Every Tuesday, from 5.30 pm

3Wednesday Night Market in Penang: Farlim Night Market

Farlim is a very busy residential area in Penang, and for this reason, its market boasts a wide variety of great foods. You should definitely try the salted fish bao and pineapple tarts, better washed down with the fresh pineapple juice on sale here. The Tau Fu Fa, a Chinese pudding-like dessert, is also pretty good here. Meat lovers may enjoy the Thai style BBQ pork skewers and fried chicken, or grilled chicken served into juicy Ramli burgers. Don’t forget to get a bag of crunchy keropok lekok (fish crackers).

Thursday Penang Night Market: Batu Ferringhi Night Market

This market is actually a true eyesore if you consider its location near the beach and right next to the sole congested main road. But the local traders have been around for many years, and they’re still going from strength to strength. The offerings are more directed to tourists, who are always looking to fill the remaining space in their suitcase with junk. There is an unimaginable range of stuff to be found here, but if you take your time and look around closely, you’ll come across some hidden gems. And that is what makes this market worth going at least once. Make sure that after you’re done, you hit any of the nearby beach bars, dig your toes in the sand, and enjoy what this part of Penang is known for.

Daily, 7 pm onwards

5Friday Penang Night Market: Jelutong Night Market in Jalan Van Praagh

(image by Flickr CC)

This is one of Penang’s biggest night markets, spread along Taman Kheng Tian and Jalan Van Praagh. Definitely set up to cater to the locals in the area, it sells mostly household items, electronics and daily use stuff — but it’s also well known for its many food stalls. You should try the hokkien mee, putu mayong, nasi tomato, nasi kandar, Muar chee (a special Chinese sweet made of glutinous rice, peanut and sugar), nyonya kuih and a lot more delicacies. It’s best to come here on a very empty stomach.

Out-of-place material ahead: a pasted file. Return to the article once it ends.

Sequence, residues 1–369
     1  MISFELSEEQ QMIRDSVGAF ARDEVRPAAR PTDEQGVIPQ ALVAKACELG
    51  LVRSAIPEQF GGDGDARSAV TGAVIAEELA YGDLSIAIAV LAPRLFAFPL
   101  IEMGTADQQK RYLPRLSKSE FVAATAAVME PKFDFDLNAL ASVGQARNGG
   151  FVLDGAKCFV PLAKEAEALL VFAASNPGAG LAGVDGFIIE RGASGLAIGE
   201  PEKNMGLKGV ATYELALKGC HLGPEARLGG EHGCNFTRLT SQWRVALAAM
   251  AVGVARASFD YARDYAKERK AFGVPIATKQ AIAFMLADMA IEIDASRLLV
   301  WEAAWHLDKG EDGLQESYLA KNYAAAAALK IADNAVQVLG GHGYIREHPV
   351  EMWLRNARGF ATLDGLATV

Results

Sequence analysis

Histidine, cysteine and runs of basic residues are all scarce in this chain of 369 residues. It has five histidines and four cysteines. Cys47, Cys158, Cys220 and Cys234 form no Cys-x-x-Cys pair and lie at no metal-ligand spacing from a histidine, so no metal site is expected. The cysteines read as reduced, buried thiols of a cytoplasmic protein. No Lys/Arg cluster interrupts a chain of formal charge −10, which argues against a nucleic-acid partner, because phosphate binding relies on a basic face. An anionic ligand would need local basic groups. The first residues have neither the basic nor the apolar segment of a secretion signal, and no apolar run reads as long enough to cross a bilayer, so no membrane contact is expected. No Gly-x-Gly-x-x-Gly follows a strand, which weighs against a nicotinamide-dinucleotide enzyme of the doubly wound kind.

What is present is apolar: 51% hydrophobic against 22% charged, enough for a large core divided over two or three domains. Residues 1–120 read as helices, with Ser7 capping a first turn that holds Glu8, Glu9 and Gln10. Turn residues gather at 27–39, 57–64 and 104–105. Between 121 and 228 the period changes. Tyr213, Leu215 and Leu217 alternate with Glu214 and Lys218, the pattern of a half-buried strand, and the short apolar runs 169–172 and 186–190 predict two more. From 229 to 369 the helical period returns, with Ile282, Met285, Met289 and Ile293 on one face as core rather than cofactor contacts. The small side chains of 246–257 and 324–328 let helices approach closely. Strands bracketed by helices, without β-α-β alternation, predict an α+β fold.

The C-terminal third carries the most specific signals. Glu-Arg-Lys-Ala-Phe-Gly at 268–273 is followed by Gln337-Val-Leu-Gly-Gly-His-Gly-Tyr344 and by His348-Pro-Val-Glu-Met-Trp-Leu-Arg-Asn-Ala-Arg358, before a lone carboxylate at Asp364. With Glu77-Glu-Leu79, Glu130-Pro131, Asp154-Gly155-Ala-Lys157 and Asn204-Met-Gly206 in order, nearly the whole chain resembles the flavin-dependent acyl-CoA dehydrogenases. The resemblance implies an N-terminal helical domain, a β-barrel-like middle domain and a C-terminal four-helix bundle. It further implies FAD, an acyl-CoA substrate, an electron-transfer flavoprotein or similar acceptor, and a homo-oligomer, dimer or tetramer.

Every Friday, 6 pm onwards

Penang Night Markets for the Weekend

6Sungai Dua Night Market

Peddling households items at Sungai Dua Penang Night Market (image by Marco Ferrarese)

Set near Tesco Extra in Sungai Dua, close to the vibrant area surrounding Universiti Sains Malaysia, this simple street market runs along the main Sungai Dua road and down two parallel backstreets. Besides cheap clothes and electronics, The Sungai Dua Penang Night Market is a good option to try the food and also buy fruits — different seasons have different bargains, from durian to mangoes, bananas and mangosteens.
The perk here is the people, who are not just your general Penangites, but also many foreign students (particularly from Islamic nations) and youngsters who come here for the wide variety of foods on offer, and the chance to hop over the road and browse Tesco’s goods — an unsavoury, but popular local past-time.

Every Saturday and Sunday, 6 pm onwards

7Paya Terubong Night Market

Open on Sundays, this smaller Penang Night Market set not far away from the iconic Buddhist Temple complex Kek Lok Si mostly caters to locals and sells household items and cheap goods from Mainland China. However, it also has a reputation for its food stalls, which include laksa, char koay kak, and noodles. Mind the special rojak, which here is served uniquely on a skewer, and not on a plate.

Every Sunday, 6 pm onwards

Lebuh Keng Kwee Heritage Night Market

People browsing goods at Lebuh Keng Kwee Heritage Penang Night Market (image by Marco Ferrarese)

The latest kid on the block of Penang Night markets only opened on the 1st of June 2019, probably in a bet to revitalize the street life of nearby Penang Road during weekends. In the day time, Lebuh Keng Kwee hosts the most famous cendol stall in George Town, where long lines of people and some cars are always found waiting for this refreshing local snack (check out another of the desserts we love, roti bakar). But as of late, on Saturdays and Sundays from 6 pm, this place turns into a pleasant night market with plenty to be found. What sets this market apart from the rest is, you guessed, the music: in fact, in a bet to attract tourism, this new Penang Night Market features a number of local artists playing their favourite tunes.

Penang Artist at work at Lebuh Keng Kwee Heritage Penang Night Market
Penang Artist at work at Lebuh Keng Kwee Heritage Penang Night Market (image by Marco Ferrarese)

The shopping on offer here is also a bit different from the rest of “mainstream” Penang Night Markets. For example, you may find artists selling their handicrafts and artworks. Though they call this a Heritage Market, the goods on sale here are pretty much very contemporary, including the series of questionably tacky, flashy, and noisy souvenirs that still find a wealth of buyers. Street food compliments the ambience, making this a decent choice to dine out, too.

Every Saturday and Sunday, from 6 pm onwards.